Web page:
BACKGROUND: Often perceived as a safer smoke, Natural American Spirit (NAS) may find particular appeal in communities with strong non-smoking norms. We hypothesized NAS would be more popular in cities with lower smoking prevalence, with the pattern unique to NAS. We tested household income, cigarette taxes, and young adult population as alternative correlates and examined brand specificity, relative to Marlboro and Pall Mall.METHODS: Using proprietary, city-specific sales estimates obtained from Nielsen for 30 U.S. cities over one year (9/7/18-9/9/19), we computed cigarette sales volume as standard pack units per 10,000 adult smokers for NAS and Marlboro and Pall Mall. Linear regression models examined associations between city-level sales volume and adult smoking prevalence, median household income, the sum of state/local cigarette excise taxes, and young adult population.RESULTS: NAS sales volume averaged 44,785 packs per 10,000 adult smokers (SD=47,676). Across 30 cities, adult smoking prevalence averaged 18.0% (SD=4.5%), median household income averaged $53,677 (SD=$14,825), cigarette excise tax averaged $2.55 (SD=$1.63), and young adult population averaged 10.6% (SD=2.2%). NAS sales volume was greater in cities with lower adult smoking prevalence (beta=-0.39, 95% CI[-0.74, -0.03], p=0.034), a pattern that was not observed for Marlboro or Pall Mall (ps>0.356). Marlboro (beta=-0.40, 95% CI[-0.76, -0.05], p=0.027) and Pall Mall (beta=-0.48, 95% CI[-0.82, -0.14], p=0.008) sales volumes were higher in cities where cigarette excise taxes were lower, a pattern not observed for NAS (p=0.224).CONCLUSION: NAS appears to be more popular in cities with lower smoking prevalence and may deter efforts to further decrease prevalence.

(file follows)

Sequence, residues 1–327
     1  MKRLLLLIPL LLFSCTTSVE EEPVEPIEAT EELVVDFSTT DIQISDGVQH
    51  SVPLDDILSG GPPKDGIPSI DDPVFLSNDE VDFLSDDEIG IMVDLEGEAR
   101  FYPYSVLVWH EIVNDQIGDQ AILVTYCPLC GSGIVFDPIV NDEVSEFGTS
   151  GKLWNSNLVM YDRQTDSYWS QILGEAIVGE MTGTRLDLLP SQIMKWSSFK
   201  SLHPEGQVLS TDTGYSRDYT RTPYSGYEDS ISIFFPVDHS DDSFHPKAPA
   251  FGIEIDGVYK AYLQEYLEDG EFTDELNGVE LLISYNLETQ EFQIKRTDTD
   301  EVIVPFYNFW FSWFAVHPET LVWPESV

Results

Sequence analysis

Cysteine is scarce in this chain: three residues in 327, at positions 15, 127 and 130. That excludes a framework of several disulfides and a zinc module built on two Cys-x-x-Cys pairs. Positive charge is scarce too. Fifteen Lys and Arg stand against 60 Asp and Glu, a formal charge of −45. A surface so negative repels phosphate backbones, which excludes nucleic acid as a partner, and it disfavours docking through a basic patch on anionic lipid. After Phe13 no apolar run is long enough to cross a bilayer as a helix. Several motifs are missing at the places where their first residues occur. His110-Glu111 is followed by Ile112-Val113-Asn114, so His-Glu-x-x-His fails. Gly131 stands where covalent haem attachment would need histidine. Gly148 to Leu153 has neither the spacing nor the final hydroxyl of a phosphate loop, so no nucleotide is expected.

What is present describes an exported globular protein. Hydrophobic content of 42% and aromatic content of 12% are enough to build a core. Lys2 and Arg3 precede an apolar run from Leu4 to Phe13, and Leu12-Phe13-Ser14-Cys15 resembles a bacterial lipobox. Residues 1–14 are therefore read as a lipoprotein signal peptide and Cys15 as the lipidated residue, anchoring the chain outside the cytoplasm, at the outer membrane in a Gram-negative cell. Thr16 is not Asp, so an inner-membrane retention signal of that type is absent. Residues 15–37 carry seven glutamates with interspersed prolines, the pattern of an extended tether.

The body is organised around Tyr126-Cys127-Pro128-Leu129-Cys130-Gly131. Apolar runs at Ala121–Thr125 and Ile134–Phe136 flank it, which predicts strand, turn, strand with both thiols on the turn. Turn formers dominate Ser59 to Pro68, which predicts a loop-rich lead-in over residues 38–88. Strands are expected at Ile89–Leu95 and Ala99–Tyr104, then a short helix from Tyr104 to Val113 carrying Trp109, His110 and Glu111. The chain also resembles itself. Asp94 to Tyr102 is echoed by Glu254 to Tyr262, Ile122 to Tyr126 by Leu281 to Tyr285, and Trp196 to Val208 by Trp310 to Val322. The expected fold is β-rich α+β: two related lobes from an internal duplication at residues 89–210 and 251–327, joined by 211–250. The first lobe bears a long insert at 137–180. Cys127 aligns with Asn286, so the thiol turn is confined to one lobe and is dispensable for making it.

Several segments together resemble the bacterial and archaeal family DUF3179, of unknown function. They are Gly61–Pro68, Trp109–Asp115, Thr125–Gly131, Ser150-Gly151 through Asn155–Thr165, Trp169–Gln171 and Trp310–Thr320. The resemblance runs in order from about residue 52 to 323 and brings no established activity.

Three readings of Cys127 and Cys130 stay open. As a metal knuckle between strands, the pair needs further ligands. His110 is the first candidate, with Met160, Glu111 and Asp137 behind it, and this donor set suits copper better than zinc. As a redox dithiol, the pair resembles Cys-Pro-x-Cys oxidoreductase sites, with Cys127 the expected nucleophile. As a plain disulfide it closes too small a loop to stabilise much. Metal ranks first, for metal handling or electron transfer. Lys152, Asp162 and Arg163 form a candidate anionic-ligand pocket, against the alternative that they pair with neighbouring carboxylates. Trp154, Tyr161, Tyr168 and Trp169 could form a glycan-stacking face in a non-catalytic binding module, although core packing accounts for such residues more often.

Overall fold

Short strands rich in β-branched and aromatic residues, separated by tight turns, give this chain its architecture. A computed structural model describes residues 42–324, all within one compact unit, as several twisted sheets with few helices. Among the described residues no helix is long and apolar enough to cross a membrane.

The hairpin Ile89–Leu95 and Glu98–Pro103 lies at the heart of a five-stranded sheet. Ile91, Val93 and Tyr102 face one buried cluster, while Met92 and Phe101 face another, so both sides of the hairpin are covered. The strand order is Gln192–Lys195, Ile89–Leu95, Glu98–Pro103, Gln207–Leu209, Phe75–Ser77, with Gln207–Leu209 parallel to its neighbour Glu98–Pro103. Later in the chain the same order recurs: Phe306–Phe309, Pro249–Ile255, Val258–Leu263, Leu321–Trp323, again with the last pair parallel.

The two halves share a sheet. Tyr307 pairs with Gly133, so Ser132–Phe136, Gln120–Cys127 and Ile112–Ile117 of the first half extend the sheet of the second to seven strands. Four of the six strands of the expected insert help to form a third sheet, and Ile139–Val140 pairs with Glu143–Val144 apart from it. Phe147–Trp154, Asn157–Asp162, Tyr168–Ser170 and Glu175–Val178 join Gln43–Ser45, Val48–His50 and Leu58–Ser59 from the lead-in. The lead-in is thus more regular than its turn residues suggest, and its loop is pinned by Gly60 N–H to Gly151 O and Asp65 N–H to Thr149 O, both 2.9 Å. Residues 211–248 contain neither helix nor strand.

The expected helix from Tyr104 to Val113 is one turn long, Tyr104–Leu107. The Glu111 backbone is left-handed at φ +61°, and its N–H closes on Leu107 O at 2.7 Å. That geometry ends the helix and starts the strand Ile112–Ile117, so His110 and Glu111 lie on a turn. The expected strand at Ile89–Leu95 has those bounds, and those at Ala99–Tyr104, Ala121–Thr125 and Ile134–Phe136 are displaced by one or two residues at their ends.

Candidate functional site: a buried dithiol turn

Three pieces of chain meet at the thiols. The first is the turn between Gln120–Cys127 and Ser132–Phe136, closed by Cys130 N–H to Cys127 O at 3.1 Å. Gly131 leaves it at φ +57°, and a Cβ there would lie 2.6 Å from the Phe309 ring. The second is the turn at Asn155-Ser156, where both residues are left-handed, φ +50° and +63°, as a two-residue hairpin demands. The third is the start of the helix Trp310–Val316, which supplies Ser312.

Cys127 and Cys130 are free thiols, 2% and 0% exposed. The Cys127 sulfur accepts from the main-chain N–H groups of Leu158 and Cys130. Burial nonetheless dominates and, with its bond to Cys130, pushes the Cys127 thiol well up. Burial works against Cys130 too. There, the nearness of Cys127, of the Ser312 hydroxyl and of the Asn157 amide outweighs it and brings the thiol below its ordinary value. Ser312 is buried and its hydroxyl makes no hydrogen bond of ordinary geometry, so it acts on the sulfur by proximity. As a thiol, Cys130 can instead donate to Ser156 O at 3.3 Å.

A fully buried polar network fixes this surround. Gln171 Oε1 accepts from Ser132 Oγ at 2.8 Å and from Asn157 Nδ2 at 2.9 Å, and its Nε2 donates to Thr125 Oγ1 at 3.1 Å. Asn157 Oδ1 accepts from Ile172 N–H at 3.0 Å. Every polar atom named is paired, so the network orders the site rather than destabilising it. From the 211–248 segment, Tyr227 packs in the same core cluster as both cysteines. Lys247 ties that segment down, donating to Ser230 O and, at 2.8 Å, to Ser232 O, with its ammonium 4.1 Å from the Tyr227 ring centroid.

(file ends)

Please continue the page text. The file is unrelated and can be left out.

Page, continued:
View details for DOI 10.1016/j.addbeh.2020.106558
View details for PubMedID 32745944